Malema suspended for five years from ANC
Julius Malema, South Africa’s outspoken ANC youth league president, has been cast into the political wilderness after he was suspended from the party for five years over charges of misconduct.
Malema was found guilty by a disciplinary committee of the party for seeking to sow divisions by criticising President Jacob Zuma and bringing it into disrepute by calling for regime change in neighbouring Botswana. The move will come as a major blow for Malema, who joined the ANC when he was eight years old.
Brought up by his mother, a domestic worker, in rural Limpopo province, he once said that the party was the “father figure” in his life. He has suggested that the disciplinary action was motivated by “capitalists” within the organisation who want to silence his calls for Zimbabwe-style land seizures and mine nationalisation.
The Youth League President was sitting exams for a politics degree yesterday so not at the ANC headquarters in central Johannesburg to hear the verdict. He will remain in his position as pending an appeal.
Despite a heavy police presence, nor were the crowds of supporters who attacked police with rocks and bottles when the hearings started two months ago. The ruling has prompted intense speculation that Mr Malema could set up a splinter party in a bid to unseat his former friend and now arch enemy Jacob Zuma from power.
He has some powerful backers within the ANC – among them millionaire housing minister and businessman Tokyo Sexwale and Mr Mandela’s former wife Winnie Madikizela-Mandela, who remains an MP. It is thought that the faction could push for Deputy President Kaglema Motlanthe to take over from Mr Zuma as party president at its elective conference next December.
Derek Hanekom, chair of the ANC’s National Disciplinary Committee, delivered the ruling on Mr Malema’s fate to a packed auditorium at Luthuli House. He said that historically the ANC Youth League had been known to “push the boundaries” of policy formulation as the young Nelson Mandela once did in the same role.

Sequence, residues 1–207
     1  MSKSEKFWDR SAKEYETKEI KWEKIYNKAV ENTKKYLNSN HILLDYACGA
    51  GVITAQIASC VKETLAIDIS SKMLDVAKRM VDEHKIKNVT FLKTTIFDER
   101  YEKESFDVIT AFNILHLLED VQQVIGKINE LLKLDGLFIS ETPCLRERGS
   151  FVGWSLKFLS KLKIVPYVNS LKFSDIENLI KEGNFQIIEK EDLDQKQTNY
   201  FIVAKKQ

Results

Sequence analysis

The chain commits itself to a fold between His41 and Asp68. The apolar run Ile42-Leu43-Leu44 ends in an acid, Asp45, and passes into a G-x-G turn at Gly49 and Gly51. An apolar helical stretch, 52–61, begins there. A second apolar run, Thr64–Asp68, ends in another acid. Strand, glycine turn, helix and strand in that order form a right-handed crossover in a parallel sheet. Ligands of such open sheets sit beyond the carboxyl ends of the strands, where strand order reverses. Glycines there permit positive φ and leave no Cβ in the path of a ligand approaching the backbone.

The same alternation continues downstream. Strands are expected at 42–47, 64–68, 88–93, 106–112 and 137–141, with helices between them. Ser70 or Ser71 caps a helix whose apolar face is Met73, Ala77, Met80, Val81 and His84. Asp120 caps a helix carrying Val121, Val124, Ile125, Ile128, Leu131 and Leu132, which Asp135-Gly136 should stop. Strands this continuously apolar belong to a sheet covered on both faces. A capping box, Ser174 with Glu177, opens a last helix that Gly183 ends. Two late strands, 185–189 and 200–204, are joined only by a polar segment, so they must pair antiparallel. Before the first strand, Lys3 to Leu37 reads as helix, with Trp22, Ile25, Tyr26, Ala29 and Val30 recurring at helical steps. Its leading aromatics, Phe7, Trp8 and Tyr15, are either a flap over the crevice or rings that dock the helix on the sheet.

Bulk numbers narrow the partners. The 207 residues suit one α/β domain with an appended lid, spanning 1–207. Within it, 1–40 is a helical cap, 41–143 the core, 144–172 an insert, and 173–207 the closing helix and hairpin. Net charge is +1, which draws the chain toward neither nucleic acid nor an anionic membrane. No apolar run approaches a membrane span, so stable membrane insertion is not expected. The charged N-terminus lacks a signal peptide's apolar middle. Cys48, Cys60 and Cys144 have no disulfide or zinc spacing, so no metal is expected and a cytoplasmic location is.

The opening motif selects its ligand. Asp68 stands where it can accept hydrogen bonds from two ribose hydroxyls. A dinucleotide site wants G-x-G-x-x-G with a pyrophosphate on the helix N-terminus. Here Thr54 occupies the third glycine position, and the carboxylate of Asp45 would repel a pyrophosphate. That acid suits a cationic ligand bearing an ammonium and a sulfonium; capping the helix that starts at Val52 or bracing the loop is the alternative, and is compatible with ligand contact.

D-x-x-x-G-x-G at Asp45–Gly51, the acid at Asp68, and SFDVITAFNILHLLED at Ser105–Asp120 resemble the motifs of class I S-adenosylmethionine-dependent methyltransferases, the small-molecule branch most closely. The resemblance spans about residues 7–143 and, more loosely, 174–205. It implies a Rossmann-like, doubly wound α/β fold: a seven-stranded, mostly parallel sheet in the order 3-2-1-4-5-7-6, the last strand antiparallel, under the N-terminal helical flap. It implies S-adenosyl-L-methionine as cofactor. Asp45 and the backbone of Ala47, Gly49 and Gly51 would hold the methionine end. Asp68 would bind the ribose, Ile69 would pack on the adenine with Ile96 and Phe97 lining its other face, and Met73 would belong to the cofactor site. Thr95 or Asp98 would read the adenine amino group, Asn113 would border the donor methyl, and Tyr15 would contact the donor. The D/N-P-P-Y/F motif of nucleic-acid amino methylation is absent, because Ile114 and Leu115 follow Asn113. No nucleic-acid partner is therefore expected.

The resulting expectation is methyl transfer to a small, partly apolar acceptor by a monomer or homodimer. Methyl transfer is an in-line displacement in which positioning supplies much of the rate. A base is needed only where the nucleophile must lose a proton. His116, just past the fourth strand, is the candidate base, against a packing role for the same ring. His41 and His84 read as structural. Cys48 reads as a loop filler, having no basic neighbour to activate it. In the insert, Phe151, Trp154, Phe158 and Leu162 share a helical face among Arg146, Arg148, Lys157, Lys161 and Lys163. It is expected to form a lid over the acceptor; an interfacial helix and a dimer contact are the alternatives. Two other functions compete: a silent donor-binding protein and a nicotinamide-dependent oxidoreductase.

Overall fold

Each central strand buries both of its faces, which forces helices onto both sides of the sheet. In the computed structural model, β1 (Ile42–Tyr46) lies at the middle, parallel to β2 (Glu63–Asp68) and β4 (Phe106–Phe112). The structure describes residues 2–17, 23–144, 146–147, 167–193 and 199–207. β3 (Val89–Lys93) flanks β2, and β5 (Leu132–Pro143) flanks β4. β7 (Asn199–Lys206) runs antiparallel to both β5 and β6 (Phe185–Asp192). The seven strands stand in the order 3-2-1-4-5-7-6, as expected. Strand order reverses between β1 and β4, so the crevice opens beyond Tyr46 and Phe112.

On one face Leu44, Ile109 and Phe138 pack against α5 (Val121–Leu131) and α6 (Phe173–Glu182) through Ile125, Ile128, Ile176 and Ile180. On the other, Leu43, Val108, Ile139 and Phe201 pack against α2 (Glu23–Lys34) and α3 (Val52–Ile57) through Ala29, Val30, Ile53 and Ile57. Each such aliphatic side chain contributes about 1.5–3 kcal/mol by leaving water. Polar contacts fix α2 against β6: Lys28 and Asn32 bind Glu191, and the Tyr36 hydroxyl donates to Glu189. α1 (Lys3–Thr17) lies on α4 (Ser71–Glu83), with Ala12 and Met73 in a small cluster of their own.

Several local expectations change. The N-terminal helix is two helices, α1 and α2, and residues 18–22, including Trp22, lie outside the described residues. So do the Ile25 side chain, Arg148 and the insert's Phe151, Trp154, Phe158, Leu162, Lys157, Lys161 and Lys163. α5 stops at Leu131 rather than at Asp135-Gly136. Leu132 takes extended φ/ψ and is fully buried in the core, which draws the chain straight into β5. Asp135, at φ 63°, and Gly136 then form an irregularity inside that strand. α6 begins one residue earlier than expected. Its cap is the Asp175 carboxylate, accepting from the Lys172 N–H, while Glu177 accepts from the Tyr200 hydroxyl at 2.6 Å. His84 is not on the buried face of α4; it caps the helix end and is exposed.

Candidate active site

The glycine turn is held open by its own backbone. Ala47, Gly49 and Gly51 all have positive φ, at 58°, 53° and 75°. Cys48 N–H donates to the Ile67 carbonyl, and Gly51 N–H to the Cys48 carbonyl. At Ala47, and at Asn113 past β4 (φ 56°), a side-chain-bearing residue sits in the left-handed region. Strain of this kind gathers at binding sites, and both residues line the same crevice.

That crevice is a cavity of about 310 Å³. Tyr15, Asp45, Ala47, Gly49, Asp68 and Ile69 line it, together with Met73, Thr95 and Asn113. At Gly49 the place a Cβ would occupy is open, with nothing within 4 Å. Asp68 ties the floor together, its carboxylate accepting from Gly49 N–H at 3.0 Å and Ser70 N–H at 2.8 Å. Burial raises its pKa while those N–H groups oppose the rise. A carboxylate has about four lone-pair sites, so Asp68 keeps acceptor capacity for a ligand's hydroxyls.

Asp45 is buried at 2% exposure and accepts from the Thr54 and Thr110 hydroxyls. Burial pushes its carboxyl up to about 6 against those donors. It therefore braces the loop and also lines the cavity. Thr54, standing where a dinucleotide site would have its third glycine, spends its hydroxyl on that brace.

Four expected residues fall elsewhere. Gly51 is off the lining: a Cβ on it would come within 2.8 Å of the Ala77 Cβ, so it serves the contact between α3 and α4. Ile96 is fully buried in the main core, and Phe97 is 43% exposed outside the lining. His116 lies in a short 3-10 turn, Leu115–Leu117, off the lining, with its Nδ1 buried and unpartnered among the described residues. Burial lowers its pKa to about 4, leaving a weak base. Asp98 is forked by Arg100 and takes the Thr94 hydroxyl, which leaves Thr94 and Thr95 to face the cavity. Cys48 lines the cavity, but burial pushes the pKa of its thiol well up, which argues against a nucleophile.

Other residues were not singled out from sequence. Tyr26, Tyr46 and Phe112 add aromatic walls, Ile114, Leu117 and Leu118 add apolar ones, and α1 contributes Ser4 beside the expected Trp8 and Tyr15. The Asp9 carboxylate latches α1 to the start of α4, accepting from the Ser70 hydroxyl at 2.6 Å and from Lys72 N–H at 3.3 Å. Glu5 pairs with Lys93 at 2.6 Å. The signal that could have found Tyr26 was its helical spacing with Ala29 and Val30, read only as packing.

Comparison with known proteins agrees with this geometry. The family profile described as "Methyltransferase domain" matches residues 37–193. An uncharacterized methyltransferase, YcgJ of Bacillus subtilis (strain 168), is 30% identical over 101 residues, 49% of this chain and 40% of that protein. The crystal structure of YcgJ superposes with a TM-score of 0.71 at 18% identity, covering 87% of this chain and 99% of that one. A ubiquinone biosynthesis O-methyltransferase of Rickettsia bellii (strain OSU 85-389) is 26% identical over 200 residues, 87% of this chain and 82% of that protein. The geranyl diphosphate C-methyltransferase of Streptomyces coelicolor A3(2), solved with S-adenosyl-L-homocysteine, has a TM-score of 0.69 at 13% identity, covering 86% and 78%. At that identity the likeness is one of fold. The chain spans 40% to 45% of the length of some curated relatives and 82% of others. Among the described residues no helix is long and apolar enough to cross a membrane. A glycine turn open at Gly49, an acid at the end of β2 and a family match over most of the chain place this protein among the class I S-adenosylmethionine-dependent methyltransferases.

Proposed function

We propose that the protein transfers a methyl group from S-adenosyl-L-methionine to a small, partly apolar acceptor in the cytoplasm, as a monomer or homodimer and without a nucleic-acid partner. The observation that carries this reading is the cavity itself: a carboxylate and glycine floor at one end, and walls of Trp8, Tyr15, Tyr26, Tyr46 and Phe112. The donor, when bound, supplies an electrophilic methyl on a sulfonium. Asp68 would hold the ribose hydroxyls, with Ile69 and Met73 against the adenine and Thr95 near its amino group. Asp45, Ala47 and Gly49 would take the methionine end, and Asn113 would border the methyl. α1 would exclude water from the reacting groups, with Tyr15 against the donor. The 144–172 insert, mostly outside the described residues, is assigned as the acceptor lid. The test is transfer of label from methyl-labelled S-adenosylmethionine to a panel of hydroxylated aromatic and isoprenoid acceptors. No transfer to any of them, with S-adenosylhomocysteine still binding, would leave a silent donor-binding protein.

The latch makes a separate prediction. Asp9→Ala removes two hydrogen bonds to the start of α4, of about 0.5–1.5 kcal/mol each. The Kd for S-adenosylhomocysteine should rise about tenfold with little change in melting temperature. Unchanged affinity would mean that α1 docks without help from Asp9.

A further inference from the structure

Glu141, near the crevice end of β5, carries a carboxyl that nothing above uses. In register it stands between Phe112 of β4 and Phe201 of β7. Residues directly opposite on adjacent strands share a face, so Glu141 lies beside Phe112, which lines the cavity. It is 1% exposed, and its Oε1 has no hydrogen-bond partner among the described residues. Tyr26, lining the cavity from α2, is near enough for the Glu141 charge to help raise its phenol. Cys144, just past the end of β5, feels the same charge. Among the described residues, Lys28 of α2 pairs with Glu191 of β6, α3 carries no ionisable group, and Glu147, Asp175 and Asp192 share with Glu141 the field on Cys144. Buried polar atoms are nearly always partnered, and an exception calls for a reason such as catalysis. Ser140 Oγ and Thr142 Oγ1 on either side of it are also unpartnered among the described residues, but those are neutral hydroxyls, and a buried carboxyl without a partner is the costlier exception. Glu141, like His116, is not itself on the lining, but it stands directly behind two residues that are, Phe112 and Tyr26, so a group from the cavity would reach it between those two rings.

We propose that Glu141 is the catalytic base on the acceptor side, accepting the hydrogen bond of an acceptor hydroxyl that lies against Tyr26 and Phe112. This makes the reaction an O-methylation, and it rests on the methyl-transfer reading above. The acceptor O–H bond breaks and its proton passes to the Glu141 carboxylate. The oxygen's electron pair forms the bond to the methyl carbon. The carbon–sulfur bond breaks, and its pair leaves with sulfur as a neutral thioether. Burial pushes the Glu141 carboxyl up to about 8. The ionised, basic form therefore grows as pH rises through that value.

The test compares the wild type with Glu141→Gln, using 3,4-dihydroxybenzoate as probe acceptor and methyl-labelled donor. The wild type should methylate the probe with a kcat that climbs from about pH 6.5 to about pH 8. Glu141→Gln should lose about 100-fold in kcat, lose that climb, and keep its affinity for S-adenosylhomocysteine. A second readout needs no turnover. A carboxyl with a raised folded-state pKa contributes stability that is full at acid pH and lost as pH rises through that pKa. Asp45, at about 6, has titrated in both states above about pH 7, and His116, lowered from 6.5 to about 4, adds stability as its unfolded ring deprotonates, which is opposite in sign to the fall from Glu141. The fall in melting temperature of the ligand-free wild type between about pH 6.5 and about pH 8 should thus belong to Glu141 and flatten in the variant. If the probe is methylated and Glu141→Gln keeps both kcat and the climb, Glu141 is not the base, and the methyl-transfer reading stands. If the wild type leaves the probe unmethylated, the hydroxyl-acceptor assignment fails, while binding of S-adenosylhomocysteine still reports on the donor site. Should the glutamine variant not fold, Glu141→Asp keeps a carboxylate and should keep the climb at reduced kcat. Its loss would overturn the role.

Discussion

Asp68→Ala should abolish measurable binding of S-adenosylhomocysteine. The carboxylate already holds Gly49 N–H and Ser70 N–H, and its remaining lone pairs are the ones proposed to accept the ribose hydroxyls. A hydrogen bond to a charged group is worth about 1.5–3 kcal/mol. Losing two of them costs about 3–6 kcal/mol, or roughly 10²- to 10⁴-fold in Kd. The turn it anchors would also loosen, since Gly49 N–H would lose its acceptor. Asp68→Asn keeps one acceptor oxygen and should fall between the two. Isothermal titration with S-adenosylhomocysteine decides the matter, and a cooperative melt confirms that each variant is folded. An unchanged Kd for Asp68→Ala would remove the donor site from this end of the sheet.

But he said that Mr Malema, 31, had failed in his duty to set a good example for South Africa’s youth by acting as a displined party member.
“The ANC Youth League is the preparatory school for future activists and leaders of the ANC,” he said. “Discipline is a core attribute of any leadership and the ANC would have expected (Mr Malema) to have led by example. The leader of the youth league should have focused his energy on developing programmes to actively reach out to the broad cross-section of the youth, both black and white.”
He said the Mr Malema’s challenge to President Khama in Botswana, who he accused of being a “imperialist puppet”, had done damage to South Africa’s standing internationally. “There was testimony.. that it had done damage to our diplomatic relations and international relations,” Mr Hanekom said.
“It’s difficult to judge the extent of that damage but we would not have deemed the statements (made by Julius Malema) to be reckless and irresponsible if we didn’t believe that these statements did damage.” Mr Malema’s spokesman Floyd Shivambu was also suspended from the party for three years for swearing at a journalist and similar comments he made on Botswana.
Neither Mr Malema nor Mr Shivambu were available for comment yesterday. It is understood the ANC Youth League is now planning a rally for Mr Malema’s supporters. http://www.telegraph.co.uk/